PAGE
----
Virginia Woolf beats up the waters of talk

Occasionally, a single passage from a single diary entry can floor you. This one from Virginia Woolf was quoted at Diaryfest recently and I just love it so much:

Wednesday June 13th, 1923

“…and then I went to Golders Green and sat with Mary Sheepshanks in her harden and beat up the waters of talk, as I do so courageously, so that life mayn’t be wasted.”

That turn of phrase – to beat up the waters of talk – is just so evocative and stirring! One thinks of conversing in this style, like being waist-deep in water, slapping the surface chaotically, stirring things up. One can imagine the disapproving looks on the faces of nearby bathers…

But this entry – this singular turn of phrase – isn’t the first time Woolf’s diaries have stopped me in my tracks.

From Michael Palin’s diary of 11 September 1985, he notes another of her clever observations:

“Have been dipping into V Woolf’s extraordinary diaries over the last few days and found a neat phrase – to ‘rout the drowse’. Sounds like street talk, in fact it describes what a good walk does for her creative energy. So, as I feel increasingly addled, I eventually go for a run, which routs the drowse most effectively.”

I’ve referred to this passage before somewhere. But it’s too good not to share, particularly in tandem with the other quote above. Whether beating up the waters of talk or merely routing the drowse, Woolf never fails to impress.

On a related note, I was immediately drawn to the above quote due to its mention of Golders Green, near to where I work. Indeed, the quote goes on: “the fresh breeze went brushing all the thick hedges which divide the gardens,” which immediately makes me think the passage refers to a meeting either just within Hampstead Garden Suburb or just without; hedge-lined gardens remain a prominent feature – indeed, a requirement – of most Suburb homes a century on.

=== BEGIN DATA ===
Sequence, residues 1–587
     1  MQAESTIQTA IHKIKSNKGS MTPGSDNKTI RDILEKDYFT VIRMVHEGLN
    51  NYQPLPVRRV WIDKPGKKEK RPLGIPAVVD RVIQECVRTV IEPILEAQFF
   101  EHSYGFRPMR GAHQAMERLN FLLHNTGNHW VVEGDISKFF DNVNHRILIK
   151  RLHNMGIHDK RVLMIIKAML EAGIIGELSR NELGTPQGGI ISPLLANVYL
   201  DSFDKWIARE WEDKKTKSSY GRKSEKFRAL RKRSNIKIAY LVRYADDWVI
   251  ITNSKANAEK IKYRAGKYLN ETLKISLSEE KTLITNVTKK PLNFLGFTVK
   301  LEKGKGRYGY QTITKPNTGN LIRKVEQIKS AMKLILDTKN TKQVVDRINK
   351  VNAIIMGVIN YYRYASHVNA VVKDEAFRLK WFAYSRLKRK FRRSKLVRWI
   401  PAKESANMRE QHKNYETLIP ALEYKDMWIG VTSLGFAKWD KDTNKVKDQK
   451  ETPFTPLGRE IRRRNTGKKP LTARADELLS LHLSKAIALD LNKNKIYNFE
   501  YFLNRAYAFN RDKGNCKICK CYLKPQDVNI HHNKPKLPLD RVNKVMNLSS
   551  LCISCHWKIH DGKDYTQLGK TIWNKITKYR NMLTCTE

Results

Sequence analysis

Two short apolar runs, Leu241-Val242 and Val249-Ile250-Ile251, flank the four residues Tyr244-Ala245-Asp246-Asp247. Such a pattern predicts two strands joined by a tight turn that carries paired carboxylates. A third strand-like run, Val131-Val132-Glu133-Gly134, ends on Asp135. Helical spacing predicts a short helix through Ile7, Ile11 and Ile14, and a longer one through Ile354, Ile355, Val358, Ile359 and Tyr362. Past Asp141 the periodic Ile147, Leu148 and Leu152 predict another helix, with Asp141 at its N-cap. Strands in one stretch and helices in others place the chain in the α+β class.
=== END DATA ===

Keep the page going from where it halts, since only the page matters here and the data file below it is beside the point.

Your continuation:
Michael Palin has donated twenty years of his personal archive to the British Library

Photo: Tony Antoniou / British Library

Just a wee while after I attended Diaryfest – which stirred many thoughts, not least of which on the subject of donations of diaries and diary-related materials to the British Library – I learn that Michael Palin (surely the patron saint of diaries by now?) has donated a section of his personal archive to the BL.

The news came to me this morning as I stirred to the Today programme. After weeks of terror- and politics-related headlines greeting my ears first thing, it was especially pleasant to hear this little piece of news.

The British Library press release explains:

The archive, which has been generously donated to the British Library by Palin, covers his literary and creative life during the years 1965-1987. It includes over 50 ‘Python Notebooks’ containing drafts, working material and personal reflections relating to Palin’s Monty Python writing. It also includes his personal diaries kept during this period, and project files comprising material relating to his film, television and literary work, including correspondence, drafts and annotated scripts relating to subsequent Python projects.

The full release is available here.

It’s interesting to note that the archive runs up till 1987 – I’m not sure from the press release if this is Michael’s choice or some sort of 30-year limitation on what the BL is allowed to hold (or make available), particular with regard to the papers of a living person. But it’s still a heck of an archive.

At the KCL-organised Diaryfest a couple of weeks ago, I saw a session from Joanna Norledge, the British Library’s lead curator of Contemporary Literary and Creative Archives. Joanna told us about archives they hold from the likes of Hanif Kureishi, Kenneth Williams and Will Self.

It was fascinating particularly to hear about donations from living donors – and whether they ever ask to view their own records. Joanna added, semi-seriously, that they are still only allowed a pencil in the reading rooms and that to edit/censor their own work would not be permitted!

I suspect that in most cases, the donor is absolutely done with the documents and wants rid of them. In Michael’s case, a chunk of this archive has already been edited and published in various forms (though, as the diaries’ introductions explain, only part of Michael’s diaries are actually published, with a lot of stuff removed for various reasons). But the donation also contains documents far beyond just his diaries.

As fond as I am of diaries in general, I am particularly fond of Michael Palin. Naturally, I just had to ask him to take part in the survey for my undergraduate dissertation on the subject of diaries a few years ago. With characteristic charm, he kindly obliged.

I think I may need to renew my reader’s pass in time for next spring…